When you have a higher than normal blood sugar level, but not to the level that indicates diabetes , you are said to have prediabetes. If you do not take any corrective action, you have a higher chance of developing type 2 diabetes. It may show symptoms. Blood sugar level testing can help determine if you have it. If you are at risk of developing diabetes, you need to make lifestyle changes like exercising, eating healthy, and losing weight to reverse prediabetes and avoid type 2 diabetes.
What is Prediabetes?
Prediabetes is a warning sign of type 2 diabetes. Also known as impaired fasting glucose or impaired glucose tolerance, it means that your blood sugar is higher than normal. But, still not high enough to be diagnosed as type 2 diabetes. Prediabetes is reversible. If you make necessary lifestyle changes, you can prevent prediabetes from advancing to type 2 diabetes.
What are the Symptoms of Prediabetes?
It usually has no signs or symptoms. You may, however, experience the following.
- Acanthosis nigricans, which is darkened skin usually seen in your armpit, neck, elbows, knuckles, and knees
- Small skin growths or skin tags
- Changes in the eye can cause diabetic retinopathy (damage to the blood vessels of the eyes)
- Symptoms such as increased thirst, increased urination, excess hunger, blurred vision, and fatigue can indicate that you have moved onto type 2 diabetes.
What are the risk factors?
- Weight: Primary risk factor is being overweight
- Waist size: A large waist size is an indication of insulin resistance
- Inactivity: The less active you are, the higher is your risk.
- Diet: Eating processed meat and red meat, and drinking sugar-sweetened beverages, is linked to a higher risk of prediabetes
- Age: While diabetes can develop at any age, risk of prediabetes rises after age 45
- Family history: Your risk of prediabetes rises if you have a parent or sibling with type 2 diabetes.
- Gestational diabetes. If you had diabetes while pregnant (gestational diabetes), you and your child are at higher risk.
- Polycystic ovary syndrome
- Sleep: People with obstructive sleep apnea have increased risk of insulin resistance
- Tobacco smoke: Smoking may increase insulin resistance.
What are the Causes of Prediabetes?
The common source of glucose is the food that you eat. This glucose gets broken down into sugar. The sugar enters your bloodstream into your cells with the help of an enzyme called insulin which is released from the pancreas. In prediabetes, the sugar (glucose) does not get processed correctly due to the lack of insulin response by the cells. It results in a build-up of the sugar in your blood, leading to prediabetes. The cause for this insulin resistance is unknown. However, certain factors like being overweight and having a sedentary lifestyle can contribute to prediabetes.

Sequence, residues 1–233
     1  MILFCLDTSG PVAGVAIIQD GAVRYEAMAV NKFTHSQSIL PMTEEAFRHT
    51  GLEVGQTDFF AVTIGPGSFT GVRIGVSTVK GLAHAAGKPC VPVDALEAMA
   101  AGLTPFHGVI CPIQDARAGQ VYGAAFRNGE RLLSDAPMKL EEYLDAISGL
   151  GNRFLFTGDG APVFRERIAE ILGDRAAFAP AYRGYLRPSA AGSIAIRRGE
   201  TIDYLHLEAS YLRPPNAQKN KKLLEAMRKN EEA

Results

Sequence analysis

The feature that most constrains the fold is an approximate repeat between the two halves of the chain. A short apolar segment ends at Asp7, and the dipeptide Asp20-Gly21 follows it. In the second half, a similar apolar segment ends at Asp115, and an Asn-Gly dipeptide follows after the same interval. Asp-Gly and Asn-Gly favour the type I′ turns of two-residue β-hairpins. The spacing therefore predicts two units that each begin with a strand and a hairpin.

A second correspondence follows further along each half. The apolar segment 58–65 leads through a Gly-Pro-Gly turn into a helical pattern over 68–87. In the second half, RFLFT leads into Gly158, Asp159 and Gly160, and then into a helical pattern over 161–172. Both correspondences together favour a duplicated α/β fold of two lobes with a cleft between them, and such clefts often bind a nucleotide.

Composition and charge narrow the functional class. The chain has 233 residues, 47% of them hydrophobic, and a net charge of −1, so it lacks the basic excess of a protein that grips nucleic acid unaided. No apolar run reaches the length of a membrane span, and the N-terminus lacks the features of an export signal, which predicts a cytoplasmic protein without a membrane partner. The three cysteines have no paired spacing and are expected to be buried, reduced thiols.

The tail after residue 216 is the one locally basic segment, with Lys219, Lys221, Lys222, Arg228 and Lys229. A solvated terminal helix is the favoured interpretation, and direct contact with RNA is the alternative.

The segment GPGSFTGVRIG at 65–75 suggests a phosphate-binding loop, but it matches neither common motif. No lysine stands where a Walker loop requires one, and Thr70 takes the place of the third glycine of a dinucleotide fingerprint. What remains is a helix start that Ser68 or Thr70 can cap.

When Should you Consult a Doctor?
You should consult a doctor if you observe any of the signs mentioned above . If you are at risk of type 2 diabetes, you should contact your doctor to perform a blood sugar screening regularly to be aware of your blood sugar levels. You can
What is the Treatment for Prediabetes?
The goal of treatment is to prevent progression to type 2 diabetes. The following lifestyle changes are advised:
- Eating healthy foods such as those high in fiber and low in calories and fats. Your focus should be on vegetables, fruits, and whole grains.
- Regular exercise
- Losing weight
- Stopping smoking
- Managing stress
- Treating sleep disorders
- If you are at a high risk of developing diabetes, your doctor might prescribe certain medications to manage your cholesterol and high blood pressure.
If children have prediabetes, the following lifestyle changes are recommended for them
- Losing weight
- Consuming foods that are higher in fiber and low in fats and refined carbohydrates
- Reducing portion size
- Limiting the frequency of eating out
- Increasing your physical activity to at least one hour per day
Prediabetes is a precursor to type 2 diabetes. It increases your chances of getting diabetes, heart disease, and stroke. To prevent your prediabetes from progressing to type 2 diabetes and its related complications, regular blood sugar testing and screening tests can help you stay healthy. Lifestyle changes like regular exercise, diet, and losing weight can also help reverse your prediabetes.
Frequently Asked Questions (FAQs)
What are the Early Warning Signs for Prediabetes?
A hemoglobin A1C (HbA1c) level of 5.7% or higher is the primary indicator for prediabetes. Other factors that increase your risk are being overweight, older than 45 years, smoking, having a sedentary lifestyle, or having a family history of type 2 diabetes or prediabetes.
Which Tests identify Prediabetes?
Fasting plasma glucose test and oral glucose tolerance test, glycosylated hemoglobin test (HbA1c) can help identify prediabetes.
What are the Complications of Prediabetes?
Complications of prediabetes are likely to occur when it progresses to type 2 diabetes. Diabetes can cause complications like heart disease, stroke, high blood pressure, high cholesterol, kidney disease, nerve damage, vision problems.
Can Prediabetes be reversed ?
Yes. With the right blend of exercise, diet, and lifestyle changes.